'Were I but a man as others are': Secrecy and Gender on the Renaissance Stage

Samantha Diane Dressel


Ben Jonson’s play Epicoene and William Heminge’s play The Fatal Contract both feature metacommentary on the nature of acting. In both texts, the main character is disguised as a member of the opposite gender, even to the audience, for all but the last few lines of the play. In Epicoene, the boy Epicoene serves as a boy-bride, leading to a satirical endpoint of revelation. The Fatal Contract stars the woman Chrotilda, dressed as a eunuch in order to enact her revenge. Both plays therefore present in-play acting along specifically gendered lines, representing the feigning of a woman, and a woman feigning. In doing so, they respond to the complex discussion surrounding both gender and acting, linking the subversive potential of female disguise with other gender-specific evils. This response is not clean or straightforward, with both plays presenting both threats and seductive potentials. Further complicating the discussion is the genre of each play, which imposes additional gender and disguise expectations on the characters. In this paper, I argue that these two plays help to illuminate a metatextual perspective on female acting, with gender and genre expectations fulfilled in order to contain subversive potential. Ultimately, however, both plays and disguised characters defy clean or safe classification.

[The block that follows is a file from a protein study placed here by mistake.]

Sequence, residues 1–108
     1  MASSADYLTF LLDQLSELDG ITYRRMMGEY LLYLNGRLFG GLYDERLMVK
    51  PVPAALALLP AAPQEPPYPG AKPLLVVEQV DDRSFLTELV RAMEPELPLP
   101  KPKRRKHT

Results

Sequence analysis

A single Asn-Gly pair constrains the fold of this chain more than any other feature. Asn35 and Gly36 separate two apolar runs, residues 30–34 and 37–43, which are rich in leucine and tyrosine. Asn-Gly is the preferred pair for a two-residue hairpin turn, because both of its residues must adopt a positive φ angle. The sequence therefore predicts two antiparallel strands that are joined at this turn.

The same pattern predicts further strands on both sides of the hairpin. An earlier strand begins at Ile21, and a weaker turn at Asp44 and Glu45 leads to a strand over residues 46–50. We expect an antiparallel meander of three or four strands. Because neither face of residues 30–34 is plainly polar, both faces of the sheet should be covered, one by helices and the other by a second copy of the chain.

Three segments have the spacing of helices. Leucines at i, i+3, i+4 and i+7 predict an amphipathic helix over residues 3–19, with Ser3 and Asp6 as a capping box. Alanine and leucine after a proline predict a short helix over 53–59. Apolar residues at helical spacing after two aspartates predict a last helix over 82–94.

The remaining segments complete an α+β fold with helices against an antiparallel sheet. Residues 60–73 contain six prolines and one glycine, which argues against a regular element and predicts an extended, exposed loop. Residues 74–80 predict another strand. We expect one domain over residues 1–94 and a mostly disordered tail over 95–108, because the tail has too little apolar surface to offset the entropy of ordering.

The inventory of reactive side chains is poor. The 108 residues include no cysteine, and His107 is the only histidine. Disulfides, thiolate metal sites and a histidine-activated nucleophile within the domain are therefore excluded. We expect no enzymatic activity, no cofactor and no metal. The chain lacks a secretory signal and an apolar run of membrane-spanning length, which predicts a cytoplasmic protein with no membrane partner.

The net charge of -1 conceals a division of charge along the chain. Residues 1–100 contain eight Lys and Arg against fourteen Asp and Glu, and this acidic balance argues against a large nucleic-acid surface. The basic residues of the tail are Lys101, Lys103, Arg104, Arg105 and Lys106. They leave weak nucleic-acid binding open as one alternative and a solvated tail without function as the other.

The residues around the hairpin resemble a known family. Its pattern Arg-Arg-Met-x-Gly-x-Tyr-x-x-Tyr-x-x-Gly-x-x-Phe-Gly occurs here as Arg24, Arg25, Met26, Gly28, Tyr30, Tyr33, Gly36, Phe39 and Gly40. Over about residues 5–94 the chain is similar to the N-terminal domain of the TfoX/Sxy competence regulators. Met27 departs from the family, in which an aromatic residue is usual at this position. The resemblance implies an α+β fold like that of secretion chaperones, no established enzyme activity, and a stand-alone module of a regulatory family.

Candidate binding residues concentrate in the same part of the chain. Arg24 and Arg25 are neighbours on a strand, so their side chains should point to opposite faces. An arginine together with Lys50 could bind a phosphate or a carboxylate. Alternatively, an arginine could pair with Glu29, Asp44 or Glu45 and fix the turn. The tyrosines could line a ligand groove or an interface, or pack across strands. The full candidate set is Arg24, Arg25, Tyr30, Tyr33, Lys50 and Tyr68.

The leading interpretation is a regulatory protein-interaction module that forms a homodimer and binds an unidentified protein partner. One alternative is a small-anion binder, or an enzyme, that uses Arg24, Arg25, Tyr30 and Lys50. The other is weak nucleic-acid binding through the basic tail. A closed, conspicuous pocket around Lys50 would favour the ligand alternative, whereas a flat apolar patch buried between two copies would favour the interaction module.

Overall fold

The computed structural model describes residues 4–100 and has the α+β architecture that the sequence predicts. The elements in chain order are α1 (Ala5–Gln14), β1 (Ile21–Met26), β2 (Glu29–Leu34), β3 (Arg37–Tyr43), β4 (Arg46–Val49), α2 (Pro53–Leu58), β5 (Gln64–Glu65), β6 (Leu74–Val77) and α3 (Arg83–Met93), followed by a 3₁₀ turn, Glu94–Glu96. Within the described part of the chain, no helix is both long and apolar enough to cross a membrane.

Gender; disguise; genre; Jonson; Heminge; cross-dressing; acting

Full Text: PDF


  • There are currently no refbacks.

Creative Commons License
This work is licensed under a Creative Commons Attribution 3.0 License.